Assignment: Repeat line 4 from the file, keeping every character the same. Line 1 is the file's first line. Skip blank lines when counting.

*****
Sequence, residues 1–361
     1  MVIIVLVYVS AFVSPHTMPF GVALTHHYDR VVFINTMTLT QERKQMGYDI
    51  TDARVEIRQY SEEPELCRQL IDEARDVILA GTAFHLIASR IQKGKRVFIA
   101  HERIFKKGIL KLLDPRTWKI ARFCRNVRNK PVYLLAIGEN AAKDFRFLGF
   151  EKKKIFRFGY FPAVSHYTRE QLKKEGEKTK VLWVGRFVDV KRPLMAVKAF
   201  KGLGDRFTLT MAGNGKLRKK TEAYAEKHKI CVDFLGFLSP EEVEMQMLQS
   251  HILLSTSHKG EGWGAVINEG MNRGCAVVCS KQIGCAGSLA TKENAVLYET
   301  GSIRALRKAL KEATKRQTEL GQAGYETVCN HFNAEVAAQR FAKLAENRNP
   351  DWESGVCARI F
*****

   101  HERIFKKGIL KLLDPRTWKI ARFCRNVRNK PVYLLAIGEN AAKDFRFLGF